Brookner, Anita – Falling Slowly (completed)
Brookner, Anita – Falling Slowly (completed)
Brookner, Anita – Undue Influence (completed)
Brookner, Anita – The Bay of Angels (completed)
It wasn’t until I typed this out that I realized I have two copies of Falling Slowly.
NEXT TIME: Brookner to Carswell
Thomas – Funny you should be talking about Anita Brookner right now. At this moment I’m reading her book “Undue Influence”. I’m a big fan of hers. I always think that some of what she writes is just so personal that I’m embarrassed to read her.
Personal about Brookner or personal about you? I can see that working both ways.
Nice Brookner insights. I’m feeling the need to revisit titles I read in my 20’s, especially since I know now how much I didn’t know then! Any Human Heart is on my shelf, definitely need to get to that one. Thanks for the intro to Shiny New Books btw – damn you! ;)
Any Human Heart is a fantastic book. Boyd does a great job weaving the events of the 20th century into the story of one man’s up and down life.
I love your Shelf by Shelf postings! I am always so intrigued by other people’s bookshelves. I haven’t read either of those Braddons but I loved Lady Audley’s Secret and Aurora Floyd. I hadn’t heard of John Marchmont’s Legacy so I’ll have to look for it.
And I still haven’t read any more Brookner since your reading event in 2011! Shocking!
I’m really enjoying Shelf by Shelf as well. I look forward each time to thinking about and reflecting on what is on each shelf.
William Boyd can be hit and miss but I can recommend Brazzaville Beach. I dont know this one by Malcolm Bradbury, his most renowned work is The History Man, a “campus novel” set in 1970s.
I was a little worried when I saw Bradbury likened to Kingsley Amis and Lucky Jim–a book I should have enjoyed more than I did.
I’ve only read one book by Elizabeth Bowen – To the North – and it’s made me want to read more by her, but I haven’t yet. I’ve still only read Hotel du Lac of Brookner’s book – back when you did a Anita Brookner reading event. I liked that one too and remember some specific scenes quite clearly even now.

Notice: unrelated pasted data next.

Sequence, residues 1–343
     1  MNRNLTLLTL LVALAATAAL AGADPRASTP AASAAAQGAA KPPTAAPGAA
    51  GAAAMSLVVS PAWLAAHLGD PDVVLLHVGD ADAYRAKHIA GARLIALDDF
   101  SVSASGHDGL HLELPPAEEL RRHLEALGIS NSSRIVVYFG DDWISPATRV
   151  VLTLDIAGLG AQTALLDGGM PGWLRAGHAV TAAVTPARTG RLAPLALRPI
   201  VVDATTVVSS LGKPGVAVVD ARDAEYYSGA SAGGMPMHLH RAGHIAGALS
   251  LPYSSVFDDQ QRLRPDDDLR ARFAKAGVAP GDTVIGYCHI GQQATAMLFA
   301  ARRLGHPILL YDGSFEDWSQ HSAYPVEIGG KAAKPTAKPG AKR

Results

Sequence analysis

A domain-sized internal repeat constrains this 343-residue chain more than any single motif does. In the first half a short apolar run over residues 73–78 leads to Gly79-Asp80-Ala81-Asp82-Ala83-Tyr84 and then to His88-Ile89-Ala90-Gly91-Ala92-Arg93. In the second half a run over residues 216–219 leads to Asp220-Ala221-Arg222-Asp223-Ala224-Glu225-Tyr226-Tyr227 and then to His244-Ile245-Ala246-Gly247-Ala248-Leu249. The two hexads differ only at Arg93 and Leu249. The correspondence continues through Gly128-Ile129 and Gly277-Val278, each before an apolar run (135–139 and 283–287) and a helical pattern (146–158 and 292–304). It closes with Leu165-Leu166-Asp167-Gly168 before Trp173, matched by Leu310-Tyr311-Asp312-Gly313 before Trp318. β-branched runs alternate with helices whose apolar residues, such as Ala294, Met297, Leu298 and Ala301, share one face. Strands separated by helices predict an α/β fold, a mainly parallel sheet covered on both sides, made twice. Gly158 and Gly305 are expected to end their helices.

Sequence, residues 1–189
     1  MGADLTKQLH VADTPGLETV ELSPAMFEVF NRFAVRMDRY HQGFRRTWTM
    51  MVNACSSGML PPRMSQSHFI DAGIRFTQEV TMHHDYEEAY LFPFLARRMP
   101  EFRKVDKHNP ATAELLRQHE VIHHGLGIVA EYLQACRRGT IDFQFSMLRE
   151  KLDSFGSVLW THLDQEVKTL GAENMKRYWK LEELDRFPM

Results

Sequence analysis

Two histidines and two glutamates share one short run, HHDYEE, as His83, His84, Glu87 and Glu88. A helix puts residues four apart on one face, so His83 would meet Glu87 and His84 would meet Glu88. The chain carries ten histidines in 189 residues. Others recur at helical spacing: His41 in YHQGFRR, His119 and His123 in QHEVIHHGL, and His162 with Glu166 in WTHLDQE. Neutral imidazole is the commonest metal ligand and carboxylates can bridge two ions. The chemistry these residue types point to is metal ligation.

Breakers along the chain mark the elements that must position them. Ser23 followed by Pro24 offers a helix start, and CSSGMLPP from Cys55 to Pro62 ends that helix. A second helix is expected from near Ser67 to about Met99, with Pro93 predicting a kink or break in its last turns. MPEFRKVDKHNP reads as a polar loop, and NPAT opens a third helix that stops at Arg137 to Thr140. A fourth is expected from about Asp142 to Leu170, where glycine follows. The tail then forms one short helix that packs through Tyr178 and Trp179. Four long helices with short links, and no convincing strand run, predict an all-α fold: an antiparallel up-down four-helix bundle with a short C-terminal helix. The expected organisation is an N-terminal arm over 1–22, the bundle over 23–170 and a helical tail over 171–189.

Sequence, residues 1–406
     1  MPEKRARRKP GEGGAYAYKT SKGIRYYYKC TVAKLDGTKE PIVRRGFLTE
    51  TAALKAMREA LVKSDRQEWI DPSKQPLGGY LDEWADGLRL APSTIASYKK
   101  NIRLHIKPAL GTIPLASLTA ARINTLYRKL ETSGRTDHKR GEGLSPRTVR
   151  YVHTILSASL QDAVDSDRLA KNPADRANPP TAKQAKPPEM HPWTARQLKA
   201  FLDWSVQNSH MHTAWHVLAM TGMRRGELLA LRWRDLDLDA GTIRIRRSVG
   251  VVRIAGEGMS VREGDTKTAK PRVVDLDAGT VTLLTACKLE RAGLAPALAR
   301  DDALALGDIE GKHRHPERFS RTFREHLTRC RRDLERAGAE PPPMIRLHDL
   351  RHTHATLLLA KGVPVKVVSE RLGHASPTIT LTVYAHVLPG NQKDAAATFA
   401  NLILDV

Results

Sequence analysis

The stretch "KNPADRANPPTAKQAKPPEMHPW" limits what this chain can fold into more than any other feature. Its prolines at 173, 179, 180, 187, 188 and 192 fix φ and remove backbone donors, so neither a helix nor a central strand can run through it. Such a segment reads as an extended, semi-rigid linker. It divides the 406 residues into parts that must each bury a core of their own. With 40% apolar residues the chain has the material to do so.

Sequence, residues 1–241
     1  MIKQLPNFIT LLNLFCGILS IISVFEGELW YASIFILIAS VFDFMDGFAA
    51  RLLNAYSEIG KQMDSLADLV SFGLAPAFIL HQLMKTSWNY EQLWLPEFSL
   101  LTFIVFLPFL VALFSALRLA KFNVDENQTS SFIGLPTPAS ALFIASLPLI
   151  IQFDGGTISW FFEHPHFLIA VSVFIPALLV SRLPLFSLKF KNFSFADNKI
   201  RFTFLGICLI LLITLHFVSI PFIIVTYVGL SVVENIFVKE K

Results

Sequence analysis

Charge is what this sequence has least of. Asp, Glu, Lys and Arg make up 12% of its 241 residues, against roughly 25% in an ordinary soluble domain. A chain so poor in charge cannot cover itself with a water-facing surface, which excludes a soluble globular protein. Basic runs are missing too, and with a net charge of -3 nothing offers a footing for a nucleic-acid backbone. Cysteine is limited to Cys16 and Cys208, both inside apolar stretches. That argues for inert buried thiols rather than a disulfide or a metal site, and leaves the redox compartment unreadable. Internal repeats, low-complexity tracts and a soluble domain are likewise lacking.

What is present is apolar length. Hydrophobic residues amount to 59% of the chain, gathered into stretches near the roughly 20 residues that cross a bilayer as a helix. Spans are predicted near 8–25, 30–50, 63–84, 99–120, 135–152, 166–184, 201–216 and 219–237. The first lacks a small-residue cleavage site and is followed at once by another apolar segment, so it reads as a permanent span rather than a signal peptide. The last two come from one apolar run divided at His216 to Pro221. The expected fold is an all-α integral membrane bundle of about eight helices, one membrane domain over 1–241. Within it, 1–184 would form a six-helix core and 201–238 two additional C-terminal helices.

I read To the North so long ago (2001), I don’t remember a thing about it.
I haven’t read any Brookner yet and just added Latecomers to my list to look for when I take a bag of trade-ins to the used bookstore later this week.
Her books are pretty easy to find. May not find specific titles as easily, but they always have at least one or two.
You want “The HIstory Man” by Malcolm Bradbury – that’s the famous and best one.
And how old are you? I LOVEDLOVEDLOVED Brookner in my 20s and got quite a long way with her, but as I’ve hit middle age and her books are a bit ahead of me, they’ve depressed and bothered me more than I’ve enjoyed them, and I’ve found it hard to come to terms with them – indeed, I stopped automatically buying the new one each time it came out. Obviously that’s not going to be an issue now, but I’m not sure when I’ll be able to pick up those later ones.
LOL. I am 46. I just started to reread Lewis Percy–a character in his 20s! I know what you mean about depressing, but I kind of revel in that. About 10 years ago I stumbled across about 8 of her earlier novels all in US first edition hardcovers for about $3 a piece at used bookstore in Philadelphia. Let’s just say I left a hole in their B section that day.
LikeLiked by 1 person